In the months leading up to his death, Mikhail Gorbachev was deeply shocked by the Russian invasion of Ukraine and was deeply concerned about the deteriorating relations between Moscow and Kiev in recent years. His former translator reported this on Thursday.
Pavel Palachenko, now 73, worked for Mikhail Gorbachev for 37 years and helped him reach dozens of summits with the United States. The translator also kept in touch with him and his daughter Irina in the years following Gorbachev’s disappearance from the political scene.
A few weeks ago, he spoke to the ex-Soviet leader on the phone and Palachenko heard how shocked he was by events in Ukraine. It wasn’t just the process that started on February 24. The full development of relations between Russia and Ukraine in recent years has dealt him a very strong blow. “He really crushed him psychologically and psychologically,” the translator told Reuters.
“It was clear to us in our conversations with him that he was shocked and amazed for all sorts of reasons for what was happening. He not only believed in the rapprochement of the Russian and Ukrainian peoples, but also that these two nations are intertwined.”
Gorbachev himself had family ties to Ukraine and believed in a diplomatic solution to problems, says the man, noting that the position of the former Soviet leader on Ukraine was complex and contradictory, because he still believed in the idea of the Soviet Union. union.
Like his contemporaries, Palachenko said, he stuck to the idea of an imagined state comprising most of the former Soviet Union, but Gorbachev would never have gone to war to re-establish that unification. Of course I can’t imagine him saying, that is. I will do anything to enforce it.”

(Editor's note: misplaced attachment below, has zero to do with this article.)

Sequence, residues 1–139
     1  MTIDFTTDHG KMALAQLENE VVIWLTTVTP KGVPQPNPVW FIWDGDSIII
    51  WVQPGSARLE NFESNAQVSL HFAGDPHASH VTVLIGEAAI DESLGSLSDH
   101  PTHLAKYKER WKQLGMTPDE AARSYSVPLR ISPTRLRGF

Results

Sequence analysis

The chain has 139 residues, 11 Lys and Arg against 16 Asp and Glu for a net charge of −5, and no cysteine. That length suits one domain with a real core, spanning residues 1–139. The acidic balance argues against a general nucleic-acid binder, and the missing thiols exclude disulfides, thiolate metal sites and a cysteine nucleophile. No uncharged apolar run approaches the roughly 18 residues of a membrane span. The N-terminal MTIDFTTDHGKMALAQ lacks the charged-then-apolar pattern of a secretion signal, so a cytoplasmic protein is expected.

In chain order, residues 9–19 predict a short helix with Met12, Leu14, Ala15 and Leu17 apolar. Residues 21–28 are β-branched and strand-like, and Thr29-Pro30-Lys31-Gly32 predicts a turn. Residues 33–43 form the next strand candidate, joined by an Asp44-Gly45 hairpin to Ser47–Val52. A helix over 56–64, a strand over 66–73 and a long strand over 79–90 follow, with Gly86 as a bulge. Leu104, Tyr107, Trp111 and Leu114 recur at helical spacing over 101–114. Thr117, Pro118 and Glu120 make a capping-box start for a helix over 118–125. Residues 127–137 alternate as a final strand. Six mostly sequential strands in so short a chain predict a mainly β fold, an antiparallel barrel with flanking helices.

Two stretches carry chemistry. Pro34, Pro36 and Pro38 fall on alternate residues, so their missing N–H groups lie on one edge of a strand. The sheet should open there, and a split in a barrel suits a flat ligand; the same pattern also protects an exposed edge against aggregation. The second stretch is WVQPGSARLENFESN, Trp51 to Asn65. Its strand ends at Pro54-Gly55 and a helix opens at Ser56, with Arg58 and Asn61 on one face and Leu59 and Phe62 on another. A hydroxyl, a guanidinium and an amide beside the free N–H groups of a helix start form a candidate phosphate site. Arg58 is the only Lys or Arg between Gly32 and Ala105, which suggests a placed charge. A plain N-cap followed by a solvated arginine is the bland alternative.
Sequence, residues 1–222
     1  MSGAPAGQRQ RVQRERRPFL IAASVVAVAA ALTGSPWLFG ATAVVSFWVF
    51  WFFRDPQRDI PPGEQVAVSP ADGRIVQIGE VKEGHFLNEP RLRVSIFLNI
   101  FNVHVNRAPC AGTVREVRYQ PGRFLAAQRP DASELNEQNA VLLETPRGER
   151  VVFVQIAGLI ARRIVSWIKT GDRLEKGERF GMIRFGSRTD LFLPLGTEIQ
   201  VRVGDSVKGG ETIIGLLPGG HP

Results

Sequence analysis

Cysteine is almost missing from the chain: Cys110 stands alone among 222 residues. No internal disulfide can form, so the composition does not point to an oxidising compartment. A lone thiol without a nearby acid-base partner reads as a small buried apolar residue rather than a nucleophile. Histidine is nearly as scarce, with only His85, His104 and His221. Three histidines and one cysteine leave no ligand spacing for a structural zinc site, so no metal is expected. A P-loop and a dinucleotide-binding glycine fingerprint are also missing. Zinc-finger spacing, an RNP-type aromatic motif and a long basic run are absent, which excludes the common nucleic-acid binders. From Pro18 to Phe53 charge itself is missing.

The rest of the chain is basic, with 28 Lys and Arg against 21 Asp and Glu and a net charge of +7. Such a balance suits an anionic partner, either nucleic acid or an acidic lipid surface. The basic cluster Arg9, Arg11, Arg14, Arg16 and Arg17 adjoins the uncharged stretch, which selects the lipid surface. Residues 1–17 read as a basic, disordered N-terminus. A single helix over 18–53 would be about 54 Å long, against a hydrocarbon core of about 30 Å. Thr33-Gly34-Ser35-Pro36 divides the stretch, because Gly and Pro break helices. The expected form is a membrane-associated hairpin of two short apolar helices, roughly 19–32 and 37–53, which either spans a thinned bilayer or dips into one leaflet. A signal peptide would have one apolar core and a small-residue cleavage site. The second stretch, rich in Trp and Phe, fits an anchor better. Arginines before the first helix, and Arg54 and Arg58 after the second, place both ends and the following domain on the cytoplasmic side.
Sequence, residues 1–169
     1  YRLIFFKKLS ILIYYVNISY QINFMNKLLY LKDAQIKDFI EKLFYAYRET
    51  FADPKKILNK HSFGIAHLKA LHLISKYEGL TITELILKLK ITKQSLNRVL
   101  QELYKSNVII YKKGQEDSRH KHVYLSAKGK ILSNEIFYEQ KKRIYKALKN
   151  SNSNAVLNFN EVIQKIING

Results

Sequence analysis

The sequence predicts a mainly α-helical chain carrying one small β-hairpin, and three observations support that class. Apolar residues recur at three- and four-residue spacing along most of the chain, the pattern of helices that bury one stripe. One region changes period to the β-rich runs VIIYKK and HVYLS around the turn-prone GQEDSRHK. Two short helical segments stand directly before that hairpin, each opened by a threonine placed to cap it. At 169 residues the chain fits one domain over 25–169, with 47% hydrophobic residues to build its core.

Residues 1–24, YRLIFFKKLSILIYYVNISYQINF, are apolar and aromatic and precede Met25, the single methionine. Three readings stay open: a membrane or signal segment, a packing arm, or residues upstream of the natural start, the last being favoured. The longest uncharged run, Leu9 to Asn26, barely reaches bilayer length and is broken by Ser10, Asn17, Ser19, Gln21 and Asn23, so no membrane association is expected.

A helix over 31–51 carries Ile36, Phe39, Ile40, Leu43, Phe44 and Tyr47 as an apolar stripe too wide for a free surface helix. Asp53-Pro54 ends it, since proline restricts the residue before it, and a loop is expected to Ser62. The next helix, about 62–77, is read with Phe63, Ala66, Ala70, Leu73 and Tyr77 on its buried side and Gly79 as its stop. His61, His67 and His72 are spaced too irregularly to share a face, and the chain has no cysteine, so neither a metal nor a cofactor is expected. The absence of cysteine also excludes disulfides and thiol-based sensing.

While Gorbachev was convinced that it was his duty to show respect and support to Putin, according to his translator, he publicly expressed his disagreement with the current Russian president on several occasions, including over his treatment of the media. However, he committed himself not to make any sustained comment on events in Ukraine, except for a statement in February that called for an end to hostilities and a remedy for humanitarian problems.
He liked to say that history is a fickle lady. I think he believed and expected the final verdict to be positive for him
Palazhchenko acknowledges that some Russians don’t think much of Gorbachev due to the economic and geopolitical turmoil that followed the collapse of the Soviet Union in 1991, but his legacy is important, he asserts. Gorbachev not only helped end the Cold War and reduce the dangers of nuclear war, but he also voluntarily dismantled totalitarianism within the Soviet Union and gave Russia a chance at freedom and democracy. “I think he remained optimistic about Russia’s future, despite the fact that his legacy had been tarnished, and what he considered ‘unfair criticism,’” said the translator. “He believed that the people of Russia are very talented and as soon as they had the opportunity, perhaps a second chance, that would appear that talent”.
The man is clearly annoyed by the criticism leveled at Gorbachev on social media. His former employer was convinced that history would eventually show that he had done the right thing. “He liked to say that history is a fickle lady. I think he believed and expected the final verdict to be positive for him.”
reconsidering: Putin salutes Gorbachev
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